CHAPTER 9 Capital Budgeting. PV of Cash Flows Payback NPV IRR EAA NPV profiles. Characteristics of Business Projects. Project Types and Risk Capital projects have increasing risk according to whether they are replacements, expansions or new ventures
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1
2
3
CFt
10
60
80
90
Cumul
100
30
50
PaybackL
2 + 30/80 = 2.375 years
Payback for Project L(Long: Most CFs in out years)2.4
100
0
=
1
2
3
70
50
20
CFt
30
Cumul
100
20
40
PaybackL
1 + 30/50 = 1.6 years
Project S (Short: CFs come quickly)1.6
100
0
=
1
2
3
10
60
80
Discounted Payback: Uses discounted
rather than raw CFs.
Project L
10%
CFt
100
9.09
49.59
60.11
PVCFt
100
100
90.91
41.32
18.79
Cumul(PV)
Disc.
payback
2 + 41.32/60.11 = 2.7 yrs
=
Recover invest + cap costs in 2.7 yrs.
Payback period occurs at 3.33 years.
Q: Use the payback period technique to choose between mutually exclusive projects A and B.
Project A
Project B
C0
($1,200)
($1,200)
C1
400
400
C2
400
400
Example
C3
400
350
C4
200
800
C5
200
800
A: Project A’s payback is 3 years as its initial outlay is fully recovered in that time. Project B doesn’t fully recover until sometime in the 4th year. Thus, according to the payback method, Project A is better than B.
Capital Budgeting Techniques—Payback— yet another exampleQ: Project Alpha has the following cash flows. If the firm considering Alpha has a cost of capital of 12%, should the project be undertaken?
C0
($5,000)
C1
$1,000
C2
$2,000
C3
$3,000
Example
A: The NPV is found by summing the present value of the cash flows when discounted at the firm’s cost of capital.
Since Alpha’s NPV<0, it should not be undertaken.
Capital Budgeting Techniques—Net Present Value (NPV) ExampleThe “price” of receiving
the inflows
Project
cost
Q: Find the IRR for the following series of cash flows: considering Alpha has a cost of capital of 12%, should the project be undertaken?
If the firm’s cost of capital is 8%, is the project a good idea? What if the cost of capital is 10%?
C0
C1
C2
C3
($5,000)
$1,000
$2,000
$3,000
A: We’ll start by guessing an IRR of 12%. We’ll calculate the project’s NPV at this interest rate.
Example
Since NPV<0, the project’s IRR must be < 12%.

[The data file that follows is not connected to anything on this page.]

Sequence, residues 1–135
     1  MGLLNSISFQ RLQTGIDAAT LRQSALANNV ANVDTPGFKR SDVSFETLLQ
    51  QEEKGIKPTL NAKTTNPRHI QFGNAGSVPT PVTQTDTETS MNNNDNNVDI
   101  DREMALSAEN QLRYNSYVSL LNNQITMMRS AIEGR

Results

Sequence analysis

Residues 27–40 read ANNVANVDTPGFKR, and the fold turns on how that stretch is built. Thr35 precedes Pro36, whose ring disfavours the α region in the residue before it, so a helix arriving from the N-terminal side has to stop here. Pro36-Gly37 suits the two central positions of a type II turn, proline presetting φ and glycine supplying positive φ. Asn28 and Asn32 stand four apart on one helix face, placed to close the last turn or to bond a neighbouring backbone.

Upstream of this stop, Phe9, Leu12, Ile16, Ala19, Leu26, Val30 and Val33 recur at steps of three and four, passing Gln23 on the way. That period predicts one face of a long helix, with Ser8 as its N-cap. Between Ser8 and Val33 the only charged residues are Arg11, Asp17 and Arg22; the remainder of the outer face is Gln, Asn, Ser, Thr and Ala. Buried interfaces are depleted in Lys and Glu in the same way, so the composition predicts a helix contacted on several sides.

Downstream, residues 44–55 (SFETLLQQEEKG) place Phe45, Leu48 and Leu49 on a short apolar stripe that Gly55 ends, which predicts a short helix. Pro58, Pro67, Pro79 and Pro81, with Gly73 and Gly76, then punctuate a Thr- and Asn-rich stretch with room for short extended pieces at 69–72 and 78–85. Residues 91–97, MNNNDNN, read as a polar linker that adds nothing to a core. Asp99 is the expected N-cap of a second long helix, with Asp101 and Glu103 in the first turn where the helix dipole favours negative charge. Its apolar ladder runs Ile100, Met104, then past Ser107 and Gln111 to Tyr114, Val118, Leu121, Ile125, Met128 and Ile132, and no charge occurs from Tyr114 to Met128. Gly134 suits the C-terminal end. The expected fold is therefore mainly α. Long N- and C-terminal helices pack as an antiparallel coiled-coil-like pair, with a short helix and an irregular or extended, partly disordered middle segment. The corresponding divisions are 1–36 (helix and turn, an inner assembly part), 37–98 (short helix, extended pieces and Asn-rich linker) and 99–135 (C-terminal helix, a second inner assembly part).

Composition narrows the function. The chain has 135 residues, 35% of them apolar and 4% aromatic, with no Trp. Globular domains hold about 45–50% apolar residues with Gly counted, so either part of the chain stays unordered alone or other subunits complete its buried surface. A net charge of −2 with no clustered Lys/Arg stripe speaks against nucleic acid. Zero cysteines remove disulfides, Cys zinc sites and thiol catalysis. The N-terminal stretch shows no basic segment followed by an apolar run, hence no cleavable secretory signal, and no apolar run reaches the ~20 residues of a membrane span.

Techniques—Internal Rate of Return (IRR)—ExampleWe’ll try a different, lower interest rate, say 10%. At 10%, the project’s NPV is ($184). Since the NPV is still less than zero, we need to try a still lower interest rate, say 9%. The following table lists the project’s NPV at different interest rates.
Since NPV becomes positive somewhere between 8% and 9%, the project’s IRR must be between 8% and 9%. If the firm’s cost of capital is 8%, the project is marginal. If the firm’s cost of capital is 10%, the project is not a good idea.
Interest Rate Guess
Calculated NPV
12%
($377)
10
($184)
Example
9
($83)
8
$22
7
$130
The exact IRR can be calculated using a financial calculator. The financial calculator uses the iterative process just demonstrated; however it is capable of guessing and recalculating much more quickly.
Techniques—Internal Rate of Return (IRR)—ExampleEnter CFs in CFLO and find NPVL and
NPVS at several discount rates:
k
0
5
10
15
20
NPVL
50
33
19
7
(4)
NPVS
40
29
20
12
5
k is really no reason to do the trial and error yourself!
0
5
10
15
20
NPVL
50
33
19
7
(4)
NPVS
40
29
20
12
5
NPV ($)
Crossover
Point = 8.7%
S
IRRS = 23.6%
L
Discount Rate (%)
IRRL = 18.1%
Mutually Exclusive Projects is really no reason to do the trial and error yourself!
NPV
k< 8.7: NPVL> NPVS , IRRS > IRRL
CONFLICT
L
k> 8.7: NPVS> NPVL , IRRS > IRRL
NO CONFLICT
S
IRRs
Rankings of S and L were consistent because K was 10%
%
k 8.7 k
IRRL
Crossover
rate = 8.7%
1. Find cash flow differences between
the projects. Project L minus
Project S
CashL
(100)
10
60
80
CashS
(100)
70
50
20
Difference
0
60
10
60
2. Enter these differences in CFLO is really no reason to do the trial and error yourself!
register, then press IRR. Crossover
rate = 8.68, rounded to 8.7%.
3. Can subtract S from L or vice versa,
but better to have first CF negative.
4. If profiles don’t cross, one project
dominates the other.
1) Size (scale) differences. Smaller
project frees up funds at t = 0 for
investment. The higher the discount
rate, the more valuable these funds,
so high k favors small projects.
2) Timing differences. Project with
faster payback provides more CF in
early years for reinvestment. If k is
high, early CF especially good, NPVS
> NPVL.
Q: Which of the two following mutually exclusive projects should a firm purchase?
C0
C1
C2
C3
C4
C5
C6
ShortLived Project (NPV = $432.82 at an 8% discount rate; IRR = 23.4%)
($1,500)
$750
$750
$750



LongLived Project (NPV = $867.16 at an 8% discount rate; IRR = 18.3%)
Example
($2,600)
$750
$750
$750
$750
$750
$750
A: The IRR method argues for undertaking the ShortLived Project while the NPV method argues for the LongLived Project. We’ll correct for the unequal life problem by using the EAA Method. Both the EAA and Replacement Chain methods will lead to the same decision.
Comparing Projects with Unequal Lives—ExampleThe EAA Method equates each project’s original NPV to an equivalent annual annuity. For the ShortLived Project the EAA is $167.95 (the equivalent of receiving $432.82 spread out over 3 years at 8%); while the LongLived Project has an EAA of $187.58 (the equivalent of receiving $867.16 spread out over 6 years at 8%). Since the LongLived Project has the higher EAA, it should be chosen. This is the same decision reached by the Replacement Chain Method.
Example
Comparing Projects with Unequal Lives—Example